Most Australian native plants prefer acidic soils, with a pH of 4.0 to 6, according to Scotts Australia. Native Australian plants have evolved in isolation, some species in arid, somewhat inhospitable conditions. Australia’s growing zones range from tropical to desert, making her native plants a hardy bunch, thriving where many other plants would wither.
Endemic to Australia, the callistemon, or bottle brush, is a genus of shrubs in the same family as myrtles, cloves and guavas. Excellent ornamental plants, they offer a jolt of color with their long, brush-like flowers that bloom from spring to summer, and sometimes will offer a second bloom in the fall. Depending upon the variety, flower colors are red, pink, purple and yellow. The callistemon thrives in moist, slightly acid soil in full sun.
Also known as spider flower, this member of the protea family is a popular Australian garden plant. Grevillea will thrive in either full sun or partial shade, acid soil and becomes drought tolerant once it’s established. Grevillea, a small tree or shrub, shows a lot of variability throughout its more than 250 species. Most, however, display the same sort of spider-like clusters of flowers.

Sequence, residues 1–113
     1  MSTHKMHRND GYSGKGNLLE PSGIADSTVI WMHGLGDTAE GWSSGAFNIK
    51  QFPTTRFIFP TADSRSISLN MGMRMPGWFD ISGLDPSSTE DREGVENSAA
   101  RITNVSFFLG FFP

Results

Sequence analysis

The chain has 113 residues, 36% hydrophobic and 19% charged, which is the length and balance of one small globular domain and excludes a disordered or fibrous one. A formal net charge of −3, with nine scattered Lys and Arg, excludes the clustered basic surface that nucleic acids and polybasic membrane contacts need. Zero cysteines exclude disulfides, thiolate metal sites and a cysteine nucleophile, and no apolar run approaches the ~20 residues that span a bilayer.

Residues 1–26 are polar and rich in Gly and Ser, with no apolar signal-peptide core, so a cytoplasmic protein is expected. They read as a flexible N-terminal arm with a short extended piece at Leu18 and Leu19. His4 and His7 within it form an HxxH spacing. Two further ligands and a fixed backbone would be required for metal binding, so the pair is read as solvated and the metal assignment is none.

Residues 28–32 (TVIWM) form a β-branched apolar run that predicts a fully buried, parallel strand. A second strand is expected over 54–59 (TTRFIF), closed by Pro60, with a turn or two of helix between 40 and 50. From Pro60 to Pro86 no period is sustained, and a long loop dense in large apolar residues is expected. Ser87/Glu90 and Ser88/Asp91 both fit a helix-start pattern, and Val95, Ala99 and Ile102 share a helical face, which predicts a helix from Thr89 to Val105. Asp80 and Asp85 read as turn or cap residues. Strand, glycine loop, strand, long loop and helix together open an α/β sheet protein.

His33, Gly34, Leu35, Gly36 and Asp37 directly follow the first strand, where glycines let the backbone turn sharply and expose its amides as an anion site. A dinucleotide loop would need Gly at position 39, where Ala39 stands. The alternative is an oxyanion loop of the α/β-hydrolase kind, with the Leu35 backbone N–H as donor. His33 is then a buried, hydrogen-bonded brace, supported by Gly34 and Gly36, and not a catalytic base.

The common everlasting (Chrysocephalum apiculatum) is a low shrub, generally growing to 1 foot in height and 2 to 3 feet wide. The common everlasting is prized by Australian gardeners for not only its bright yellow to almost orange clusters of flowers but for its silvery foliage as well. That it has low water requirements is an added bonus. The common everlasting is a relative to asters, daisies and sunflowers. This plant requires an acid soil, so if it is not being grown in Australia, the soil may need to be amended.
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